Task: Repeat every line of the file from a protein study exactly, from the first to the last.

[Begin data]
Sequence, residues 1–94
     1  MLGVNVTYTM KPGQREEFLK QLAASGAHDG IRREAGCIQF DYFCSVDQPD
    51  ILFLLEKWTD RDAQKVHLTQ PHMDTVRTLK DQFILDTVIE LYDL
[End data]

Sequence, residues 1–94
     1  MLGVNVTYTM KPGQREEFLK QLAASGAHDG IRREAGCIQF DYFCSVDQPD
    51  ILFLLEKWTD RDAQKVHLTQ PHMDTVRTLK DQFILDTVIE LYDL